Thursday, July 12, 2012

Movie Minefield - Modern Cinema

Going to the movies, or even watching one at home, can be fraught with anxiety, as well as legal liabilities. It is, at the very least, intimidating. From the moment you slip that DVD into your player, you are in jeopardy. The combined forces of the FBI and Interpol are tracking every movement of that disc. Sometimes I find myself wondering if the FBI and Interpol should put this much effort into thwarting terrorism; instead of tracking movies.

I mean, here I am in my own home, watching a movie which I have either bought, borrowed, or rented, and the first thing I see on the screen is a warning from both of these agencies. They can fine you, imprison you, and even bankrupt you for misuse of a movie. And to cap it off, you can’t fast forward these warnings to the next scene. You are a prisoner in your own home, even before you have committed the crime.

You know, they hung Hussein, and I have always harbored a suspicion that he was guilty of stockpiling huge amounts of pirated DVD’s in each of his many palaces. And what about Bin Laden? Don’t you find it a little bit suspicious that he was killed while sitting in front of his TV? You have to wonder…

Theaters nowadays are not much fun either. It begins with the purchase of your ticket, when you are threatened with being evicted from the premises; without a refund; for violating the “Code of Conduct”, which is not on the ticket, or even posted anywhere I’ve ever seen. So, now I am sitting anxiously in my seat, wondering if I am doing anything wrong.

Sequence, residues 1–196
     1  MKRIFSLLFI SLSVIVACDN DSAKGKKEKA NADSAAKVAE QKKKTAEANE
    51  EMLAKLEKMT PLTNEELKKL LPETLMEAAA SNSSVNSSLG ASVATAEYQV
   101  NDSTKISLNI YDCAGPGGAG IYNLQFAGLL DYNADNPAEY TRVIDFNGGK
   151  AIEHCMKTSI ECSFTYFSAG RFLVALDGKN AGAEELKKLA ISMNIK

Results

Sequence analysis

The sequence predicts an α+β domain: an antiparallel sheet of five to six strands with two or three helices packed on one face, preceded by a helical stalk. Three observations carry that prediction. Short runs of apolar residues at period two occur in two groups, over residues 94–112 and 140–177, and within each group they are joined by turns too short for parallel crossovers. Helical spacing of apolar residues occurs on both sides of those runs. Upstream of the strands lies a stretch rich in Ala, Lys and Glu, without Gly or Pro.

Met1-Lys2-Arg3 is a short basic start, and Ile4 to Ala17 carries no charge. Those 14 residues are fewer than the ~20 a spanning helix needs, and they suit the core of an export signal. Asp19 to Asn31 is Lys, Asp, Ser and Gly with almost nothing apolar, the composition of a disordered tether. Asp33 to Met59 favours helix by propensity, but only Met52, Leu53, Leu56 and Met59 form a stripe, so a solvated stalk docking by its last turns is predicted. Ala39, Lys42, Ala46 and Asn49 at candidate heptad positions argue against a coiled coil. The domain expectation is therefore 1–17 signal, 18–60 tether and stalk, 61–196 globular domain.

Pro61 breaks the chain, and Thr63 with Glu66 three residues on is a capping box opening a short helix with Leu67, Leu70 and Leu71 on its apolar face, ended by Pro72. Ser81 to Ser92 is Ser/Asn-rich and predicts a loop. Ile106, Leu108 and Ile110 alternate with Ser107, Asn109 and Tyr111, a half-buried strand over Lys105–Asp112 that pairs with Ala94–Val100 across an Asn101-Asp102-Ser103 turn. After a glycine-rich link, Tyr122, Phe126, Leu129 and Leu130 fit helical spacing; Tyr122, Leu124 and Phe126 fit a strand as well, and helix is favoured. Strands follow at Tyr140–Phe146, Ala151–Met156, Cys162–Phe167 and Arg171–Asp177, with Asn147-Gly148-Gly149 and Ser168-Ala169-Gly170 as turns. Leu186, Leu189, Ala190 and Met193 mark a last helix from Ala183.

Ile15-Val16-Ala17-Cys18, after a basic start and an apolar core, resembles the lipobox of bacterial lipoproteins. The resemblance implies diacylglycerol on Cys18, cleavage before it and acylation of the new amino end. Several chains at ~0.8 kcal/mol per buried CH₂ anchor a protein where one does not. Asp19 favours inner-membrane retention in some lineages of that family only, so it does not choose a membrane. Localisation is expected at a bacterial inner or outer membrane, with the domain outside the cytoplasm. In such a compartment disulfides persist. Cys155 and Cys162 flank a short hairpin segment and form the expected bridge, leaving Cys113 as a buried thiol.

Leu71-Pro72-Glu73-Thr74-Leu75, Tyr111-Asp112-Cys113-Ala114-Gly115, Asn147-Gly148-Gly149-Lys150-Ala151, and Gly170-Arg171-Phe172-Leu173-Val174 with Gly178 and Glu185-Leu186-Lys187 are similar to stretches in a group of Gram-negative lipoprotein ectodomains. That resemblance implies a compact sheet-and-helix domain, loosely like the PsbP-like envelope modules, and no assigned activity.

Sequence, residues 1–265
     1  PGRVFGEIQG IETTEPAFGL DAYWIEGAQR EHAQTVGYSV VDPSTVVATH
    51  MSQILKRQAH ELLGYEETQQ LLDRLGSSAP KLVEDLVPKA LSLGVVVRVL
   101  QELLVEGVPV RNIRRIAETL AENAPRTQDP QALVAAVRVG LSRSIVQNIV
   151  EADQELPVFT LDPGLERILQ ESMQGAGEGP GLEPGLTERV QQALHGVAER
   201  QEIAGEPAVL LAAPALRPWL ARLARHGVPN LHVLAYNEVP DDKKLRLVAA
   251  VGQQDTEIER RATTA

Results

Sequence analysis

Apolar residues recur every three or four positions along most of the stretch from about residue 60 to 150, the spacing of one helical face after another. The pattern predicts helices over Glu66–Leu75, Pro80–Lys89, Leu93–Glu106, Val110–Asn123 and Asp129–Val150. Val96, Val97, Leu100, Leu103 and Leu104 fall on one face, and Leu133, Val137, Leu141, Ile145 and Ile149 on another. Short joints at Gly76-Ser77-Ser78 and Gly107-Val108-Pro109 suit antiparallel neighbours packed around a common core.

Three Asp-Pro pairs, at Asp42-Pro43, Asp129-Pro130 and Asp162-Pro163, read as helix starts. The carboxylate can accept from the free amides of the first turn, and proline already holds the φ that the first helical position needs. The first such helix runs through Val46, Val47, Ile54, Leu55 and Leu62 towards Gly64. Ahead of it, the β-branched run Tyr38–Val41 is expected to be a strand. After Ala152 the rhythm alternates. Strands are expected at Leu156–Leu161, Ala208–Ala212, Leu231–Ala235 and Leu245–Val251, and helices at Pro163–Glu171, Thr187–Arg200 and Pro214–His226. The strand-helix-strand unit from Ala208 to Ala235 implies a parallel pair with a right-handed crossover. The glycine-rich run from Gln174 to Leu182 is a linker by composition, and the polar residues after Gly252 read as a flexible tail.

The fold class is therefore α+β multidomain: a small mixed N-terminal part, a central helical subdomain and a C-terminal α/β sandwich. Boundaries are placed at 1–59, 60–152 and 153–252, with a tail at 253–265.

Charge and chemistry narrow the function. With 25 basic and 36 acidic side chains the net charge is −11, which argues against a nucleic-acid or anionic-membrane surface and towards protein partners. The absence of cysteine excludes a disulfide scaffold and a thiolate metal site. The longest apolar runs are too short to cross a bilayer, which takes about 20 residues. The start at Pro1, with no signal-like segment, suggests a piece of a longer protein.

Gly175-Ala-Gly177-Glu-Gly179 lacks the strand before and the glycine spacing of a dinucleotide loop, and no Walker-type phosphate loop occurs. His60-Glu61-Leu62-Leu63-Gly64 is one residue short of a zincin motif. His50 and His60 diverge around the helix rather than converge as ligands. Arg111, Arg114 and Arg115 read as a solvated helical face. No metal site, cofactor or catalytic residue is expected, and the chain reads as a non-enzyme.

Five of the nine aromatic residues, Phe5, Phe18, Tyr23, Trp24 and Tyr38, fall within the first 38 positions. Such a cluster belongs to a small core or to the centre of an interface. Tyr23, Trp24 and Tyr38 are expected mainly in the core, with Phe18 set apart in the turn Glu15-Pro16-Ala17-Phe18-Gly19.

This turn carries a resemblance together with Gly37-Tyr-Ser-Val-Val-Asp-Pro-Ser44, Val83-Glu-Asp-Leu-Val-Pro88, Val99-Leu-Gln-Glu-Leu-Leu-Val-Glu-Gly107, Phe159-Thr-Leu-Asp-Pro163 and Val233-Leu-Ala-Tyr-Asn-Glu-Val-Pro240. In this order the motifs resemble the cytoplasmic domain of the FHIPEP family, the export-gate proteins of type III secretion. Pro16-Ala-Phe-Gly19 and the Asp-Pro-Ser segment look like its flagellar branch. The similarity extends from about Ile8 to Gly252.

Then comes the film itself; with its ubiquitous warnings about copying the film. Yeah, I’m all set up in the third row with a video recorder, waiting to make my fortune. I guess it’s time to think back to the days of my youth, and contrast the 2 experiences.

As a kid we had it fairly simple. You bought your ticket, you paid the price. And then stayed all day if you cared to. At the Century’s Avalon, on Kings Highway and East 18th Street, there was even a balcony; or lodge, as it was referred to on the sign by the stairs. That was where we went to sit if we were bored, or had sat through the movie already. The balcony was the spot to pour soda upon the unsuspecting souls watching the movie for the first time. And for those who cared to sit up close down below; in order to avoid the soda; there was the thrill of hurling quarters; or rocks; at the screen, hoping to tear a hole in it.

But, by far the most exciting way of going to the movies involved a group effort. We would all chip in for one ticket; which was like a buck at the time; and then one of us would go into the theater and let the others in through the fire door, which, when done in the daytime, would bath the entire theater in bright daylight, eliciting moans and curses from the afflicted innocents. Then came the fun part; being chased by the 17 year old usher dressed in an Admirals uniform, armed with a flashlight. He never caught anyone, leaving me to wonder at the lengths which some people will go to for minimum wage.

Well, looking back on it all, I suppose I can now see that I brought it all upon myself, and as such, have no real reason to complain. But man, I miss those days!

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